The possible loophole in the draft law briefly explained

The problem Shaub addressed with the bill revolves around what constitutes “blind trust.”

For a blind trust to work, the legislature should know nothing about the stocks it contains, and should have no say in the purchases and sales made. As explained Shaub on Twitterexisting “blind trust” requirements were established by an ethics law in the 1970s and were fairly strict.

The Democrats’ new bill would give flexibility to the House, Senate, Supreme Court, the rest of the federal judiciary and executive branch ethics bodies to determine what a “blind trust” is. That power, Shaub argues, could be used to build what he calls “false blind faith.”

“Pelosi’s bill would… [authorize] Any ethics office can allow whatever it wants and call it blind trust. Literally everything. There are no limits in the bill to what these offices can do.” wrote Shaub in a tweet.

Shaub’s point of reference is the “false blind trust” set up by former President Donald Trump, which involved handing over control of his businesses to a council composed of his children and other senior executives to suggest independence.

If this principle of the bill were similarly abused, lawmakers could theoretically gain more visibility and influence over the purchases and sales made in each trust, effectively defeating the purpose of the legislation.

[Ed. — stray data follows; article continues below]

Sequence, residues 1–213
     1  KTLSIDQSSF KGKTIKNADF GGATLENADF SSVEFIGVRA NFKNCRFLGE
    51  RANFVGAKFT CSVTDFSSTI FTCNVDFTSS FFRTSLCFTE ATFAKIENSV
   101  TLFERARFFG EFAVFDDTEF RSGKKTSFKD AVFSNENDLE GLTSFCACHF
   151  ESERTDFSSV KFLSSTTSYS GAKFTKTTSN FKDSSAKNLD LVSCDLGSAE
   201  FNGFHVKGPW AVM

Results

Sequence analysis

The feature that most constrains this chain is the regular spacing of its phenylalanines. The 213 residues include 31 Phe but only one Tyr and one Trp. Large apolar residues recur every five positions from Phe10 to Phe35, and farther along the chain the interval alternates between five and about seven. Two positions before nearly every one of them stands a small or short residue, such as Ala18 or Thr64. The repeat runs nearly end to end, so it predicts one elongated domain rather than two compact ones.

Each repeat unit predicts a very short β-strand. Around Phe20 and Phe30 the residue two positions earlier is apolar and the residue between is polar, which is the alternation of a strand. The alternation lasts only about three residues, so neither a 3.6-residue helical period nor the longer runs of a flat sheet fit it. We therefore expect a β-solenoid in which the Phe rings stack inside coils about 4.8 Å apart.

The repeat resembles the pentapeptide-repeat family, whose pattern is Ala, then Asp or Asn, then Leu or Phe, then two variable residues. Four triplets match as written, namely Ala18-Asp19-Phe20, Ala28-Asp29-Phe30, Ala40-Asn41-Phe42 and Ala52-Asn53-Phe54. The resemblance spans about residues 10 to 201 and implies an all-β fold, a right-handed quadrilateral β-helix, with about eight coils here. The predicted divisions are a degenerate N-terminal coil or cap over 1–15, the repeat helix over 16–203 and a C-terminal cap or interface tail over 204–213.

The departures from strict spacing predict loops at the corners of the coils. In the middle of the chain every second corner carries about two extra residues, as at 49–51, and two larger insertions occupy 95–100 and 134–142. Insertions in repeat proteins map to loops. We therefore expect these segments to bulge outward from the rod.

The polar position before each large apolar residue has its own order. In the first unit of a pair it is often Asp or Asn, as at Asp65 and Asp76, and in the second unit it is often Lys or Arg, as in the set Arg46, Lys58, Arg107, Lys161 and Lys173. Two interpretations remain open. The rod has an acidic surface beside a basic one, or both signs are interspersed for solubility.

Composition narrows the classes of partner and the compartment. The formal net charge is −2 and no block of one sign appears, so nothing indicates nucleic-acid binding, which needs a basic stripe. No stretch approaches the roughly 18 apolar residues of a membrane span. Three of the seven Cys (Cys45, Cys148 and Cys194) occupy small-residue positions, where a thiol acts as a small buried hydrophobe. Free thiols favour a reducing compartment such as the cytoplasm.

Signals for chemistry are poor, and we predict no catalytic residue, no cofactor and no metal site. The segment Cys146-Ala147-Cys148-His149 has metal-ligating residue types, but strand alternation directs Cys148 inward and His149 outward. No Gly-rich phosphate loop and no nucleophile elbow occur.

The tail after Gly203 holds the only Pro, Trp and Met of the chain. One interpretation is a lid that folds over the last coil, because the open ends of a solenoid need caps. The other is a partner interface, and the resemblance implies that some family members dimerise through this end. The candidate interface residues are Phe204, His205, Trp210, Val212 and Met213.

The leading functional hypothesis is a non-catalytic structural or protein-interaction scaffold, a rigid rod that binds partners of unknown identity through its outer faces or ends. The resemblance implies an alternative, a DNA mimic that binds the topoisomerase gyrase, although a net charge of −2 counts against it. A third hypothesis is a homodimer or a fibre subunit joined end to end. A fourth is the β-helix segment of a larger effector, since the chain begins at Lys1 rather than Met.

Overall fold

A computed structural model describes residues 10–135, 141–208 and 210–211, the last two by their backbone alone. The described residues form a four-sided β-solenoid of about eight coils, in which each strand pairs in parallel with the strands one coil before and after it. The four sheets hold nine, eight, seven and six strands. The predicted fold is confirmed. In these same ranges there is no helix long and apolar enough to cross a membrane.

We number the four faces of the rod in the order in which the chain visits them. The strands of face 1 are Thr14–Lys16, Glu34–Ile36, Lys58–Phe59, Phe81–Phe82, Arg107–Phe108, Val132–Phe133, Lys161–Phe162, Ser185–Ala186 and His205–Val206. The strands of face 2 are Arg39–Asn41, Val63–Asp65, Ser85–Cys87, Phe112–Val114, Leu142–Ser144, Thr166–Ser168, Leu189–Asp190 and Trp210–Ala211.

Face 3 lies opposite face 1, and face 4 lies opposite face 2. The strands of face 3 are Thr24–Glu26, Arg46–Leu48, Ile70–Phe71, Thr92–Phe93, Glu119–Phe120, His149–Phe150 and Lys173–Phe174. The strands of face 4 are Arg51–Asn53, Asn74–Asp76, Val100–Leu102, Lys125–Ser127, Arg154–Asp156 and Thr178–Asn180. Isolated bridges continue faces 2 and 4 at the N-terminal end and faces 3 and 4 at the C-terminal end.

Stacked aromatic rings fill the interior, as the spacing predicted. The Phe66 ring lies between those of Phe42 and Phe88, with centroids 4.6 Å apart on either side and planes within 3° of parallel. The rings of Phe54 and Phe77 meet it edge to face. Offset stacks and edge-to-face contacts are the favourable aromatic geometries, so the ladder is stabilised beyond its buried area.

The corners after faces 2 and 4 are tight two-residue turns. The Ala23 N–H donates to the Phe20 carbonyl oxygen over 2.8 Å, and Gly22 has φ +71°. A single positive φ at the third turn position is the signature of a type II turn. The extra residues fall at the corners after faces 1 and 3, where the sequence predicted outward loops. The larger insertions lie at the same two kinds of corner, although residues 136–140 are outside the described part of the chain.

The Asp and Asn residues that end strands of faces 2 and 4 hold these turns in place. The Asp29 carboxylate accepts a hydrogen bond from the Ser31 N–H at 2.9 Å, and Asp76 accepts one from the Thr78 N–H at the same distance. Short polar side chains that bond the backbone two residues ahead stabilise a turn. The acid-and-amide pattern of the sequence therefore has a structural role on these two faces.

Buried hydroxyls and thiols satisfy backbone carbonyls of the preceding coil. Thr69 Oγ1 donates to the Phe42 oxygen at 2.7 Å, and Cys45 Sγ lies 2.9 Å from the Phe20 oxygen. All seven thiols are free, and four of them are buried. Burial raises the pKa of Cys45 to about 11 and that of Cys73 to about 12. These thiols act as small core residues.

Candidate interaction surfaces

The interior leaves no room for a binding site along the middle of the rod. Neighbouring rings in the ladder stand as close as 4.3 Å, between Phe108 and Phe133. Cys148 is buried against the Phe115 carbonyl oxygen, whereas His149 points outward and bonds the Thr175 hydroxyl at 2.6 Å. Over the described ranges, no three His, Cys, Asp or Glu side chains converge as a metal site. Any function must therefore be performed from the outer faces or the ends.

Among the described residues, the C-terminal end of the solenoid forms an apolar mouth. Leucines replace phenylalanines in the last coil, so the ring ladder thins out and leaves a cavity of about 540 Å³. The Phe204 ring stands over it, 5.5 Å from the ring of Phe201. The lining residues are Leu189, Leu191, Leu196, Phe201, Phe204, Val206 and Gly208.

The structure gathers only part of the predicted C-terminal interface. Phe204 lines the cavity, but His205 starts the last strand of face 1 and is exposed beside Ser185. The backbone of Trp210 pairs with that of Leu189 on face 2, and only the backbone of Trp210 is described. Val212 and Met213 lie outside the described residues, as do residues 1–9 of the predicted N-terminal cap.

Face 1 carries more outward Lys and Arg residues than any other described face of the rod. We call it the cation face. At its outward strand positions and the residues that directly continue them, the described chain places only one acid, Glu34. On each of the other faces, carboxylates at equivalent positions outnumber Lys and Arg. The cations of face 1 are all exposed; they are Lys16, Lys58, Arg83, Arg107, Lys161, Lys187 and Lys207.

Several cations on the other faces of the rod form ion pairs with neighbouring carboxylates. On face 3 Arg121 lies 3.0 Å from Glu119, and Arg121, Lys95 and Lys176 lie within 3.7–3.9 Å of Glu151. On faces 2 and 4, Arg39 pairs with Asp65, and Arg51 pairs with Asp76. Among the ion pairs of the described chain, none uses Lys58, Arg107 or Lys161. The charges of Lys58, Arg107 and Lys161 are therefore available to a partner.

Payne said that is a risk posed by the bill, although he believes there is little chance Congress will capitalize on it and that there are simple fixes lawmakers could make to the bill, to outline how strict blind trust must be.

Another issue Payne raised, as did Shaub and the Citizens for Responsibility and Ethics of Washington (CREW), was the inclusion of the judiciary and executive branch in the bill, both branches of government he said are there already had a strong walkout policy was a conflict of interest. Shaub has suggested that the inclusion of these two branches is intended to reduce Senate support the bill might have.

However, the House Counsel argued that ethics rules have typically been applied in all three branches and that the bill would only strengthen existing policies.

How the bill would address conflicts of interest